First, the electromechanical properties of 1,4-benzenedithiol molecular junctions are investigate. Counterintuitively, the conductance of this molecule is found to increase by more than an order of magnitude when stretched. This conductance increase is found to be reversible when the molecular junction is compressed. The current-voltage, conductance-voltage and inelastic electron tunneling spectroscopy characteristics are used to attribute the conductance increase to a strain-induced shift in the frontier molecular orbital relative to the electrode Fermi level, leading to resonant enhancement in the conductance.

Next, the effect of stretching-induced structural changes on charge transport in DNA molecules is studied. The conductance of single DNA molecules with lengths varying from 6 to 26 base pairs is measured and found to follow a hopping transport mechanism. The conductance of DNA molecules is highly sensitive to mechanical stretching, showing an abrupt decrease in conductance at surprisingly short stretching distances, with weak dependence on DNA length. This abrupt conductance decrease is attributed to force-induced breaking of hydrogen bonds in the base pairs at the end of the DNA sequence.

Finally, the effect of small mechanical modulation of the base separation on DNA conductance is investigated. The sensitivity of conductance to mechanical modulation is studied for molecules of different sequence and length. Sequences with purine-purine stacking are found to be more responsive to modulation than purine-pyrimidine sequences. This sensitivity is attributed to the perturbation of &pi-&pi stacking interactions and resulting effects on the activation energy and electronic coupling for the end base pairs.

Contributors

Agent

Created

Date Created
  • 2014

154306-Thumbnail Image.png

Measurements and control of charge transport through single DNA Molecules via STM break junction technique

Description

Charge transport in molecular systems, including DNA (Deoxyribonucleic acid), is involved in many basic chemical and biological processes. Studying their charge transport properties can help developing DNA based electronic devices

Charge transport in molecular systems, including DNA (Deoxyribonucleic acid), is involved in many basic chemical and biological processes. Studying their charge transport properties can help developing DNA based electronic devices with many tunable functionalities. This thesis investigates the electric properties of double-stranded DNA, DNA G-quadruplex and dsDNA with modified base.

First, double-stranded DNA with alternating GC sequence and stacked GC sequence were measured with respect to length. The resistance of DNA sequences increases linearly with length, indicating a hopping transport mechanism. However, for DNA sequences with stacked GC, a periodic oscillation is superimposed on the linear length dependence, indicating a partial coherent transport. The result is supported by the finding of delocalization of the highest occupied molecular orbitals of Guanines from theoretical simulation and by fitting based on the Büttiker’s theory.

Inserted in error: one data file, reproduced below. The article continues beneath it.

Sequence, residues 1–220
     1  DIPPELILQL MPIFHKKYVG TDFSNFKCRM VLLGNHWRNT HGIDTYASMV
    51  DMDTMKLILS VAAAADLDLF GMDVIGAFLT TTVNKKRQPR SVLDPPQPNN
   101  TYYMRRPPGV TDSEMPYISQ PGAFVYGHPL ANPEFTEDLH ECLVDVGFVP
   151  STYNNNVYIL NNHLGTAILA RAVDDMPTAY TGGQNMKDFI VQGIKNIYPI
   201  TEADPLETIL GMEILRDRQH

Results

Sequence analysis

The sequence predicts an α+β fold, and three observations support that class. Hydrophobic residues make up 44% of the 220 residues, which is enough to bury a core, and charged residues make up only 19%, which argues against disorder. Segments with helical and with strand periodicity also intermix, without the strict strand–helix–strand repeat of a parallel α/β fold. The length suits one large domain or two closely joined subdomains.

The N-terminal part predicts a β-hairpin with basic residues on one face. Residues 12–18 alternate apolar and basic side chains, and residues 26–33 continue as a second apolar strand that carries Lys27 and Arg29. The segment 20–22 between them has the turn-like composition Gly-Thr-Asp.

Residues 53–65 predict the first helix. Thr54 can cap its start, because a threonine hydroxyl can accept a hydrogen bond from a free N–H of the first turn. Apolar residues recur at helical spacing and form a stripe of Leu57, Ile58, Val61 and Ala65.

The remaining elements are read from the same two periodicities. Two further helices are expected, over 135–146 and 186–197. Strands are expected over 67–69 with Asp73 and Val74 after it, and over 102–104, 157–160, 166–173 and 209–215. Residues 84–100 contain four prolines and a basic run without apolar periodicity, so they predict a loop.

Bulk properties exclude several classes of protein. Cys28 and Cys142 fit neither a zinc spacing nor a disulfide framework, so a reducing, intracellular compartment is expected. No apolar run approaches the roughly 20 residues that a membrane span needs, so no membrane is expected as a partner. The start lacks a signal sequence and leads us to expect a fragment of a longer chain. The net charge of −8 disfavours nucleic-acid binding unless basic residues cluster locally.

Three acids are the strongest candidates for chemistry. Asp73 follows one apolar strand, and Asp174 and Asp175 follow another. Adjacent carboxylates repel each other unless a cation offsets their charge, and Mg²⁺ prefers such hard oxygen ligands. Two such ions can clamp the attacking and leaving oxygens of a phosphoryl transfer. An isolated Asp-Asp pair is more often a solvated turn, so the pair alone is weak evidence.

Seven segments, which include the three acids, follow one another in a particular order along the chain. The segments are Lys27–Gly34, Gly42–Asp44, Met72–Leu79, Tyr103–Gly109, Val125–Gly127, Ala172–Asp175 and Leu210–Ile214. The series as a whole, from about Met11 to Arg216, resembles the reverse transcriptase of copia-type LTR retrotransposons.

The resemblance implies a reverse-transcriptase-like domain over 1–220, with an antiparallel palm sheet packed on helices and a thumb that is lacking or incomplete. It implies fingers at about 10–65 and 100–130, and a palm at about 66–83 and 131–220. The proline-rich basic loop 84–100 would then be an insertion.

Then, a DNA G4-duplex structures with a G-quadruplex as the core and DNA duplexes as the arms were studied. Similar conductance values were observed by varying the linker positions, thus a charge splitter is developed. The conductance of the DNA G-tetrads structures was found to be sensitive to the π-stacking at the interface between the G-quadruplex and DNA duplexes by observing a higher conductance value when one duplex was removed and a polyethylene glycol (PEG) linker was added into the interface. This was further supported by molecular dynamic simulations.

Finally, a double-stranded DNA with one of the bases replaced by an anthraquinone group was studied via electrochemical STM break junction technique. Anthraquinone can be reversibly switched into the oxidized state or reduced state, to give a low conductance or high conductance respectively. Furthermore, the thermodynamics and kinetics properties of the switching were systematically studied. Theoretical simulation shows that the difference between the two states is due to a difference in the energy alignment with neighboring Guanine bases.

Contributors

Agent

Created

Date Created
  • 2016

152677-Thumbnail Image.png

Organic optoelectronic devices employing small molecules

Description

Organic optoelectronic devices have remained a research topic of great interest over the past two decades, particularly in the development of efficient organic photovoltaics (OPV) and organic light emitting diodes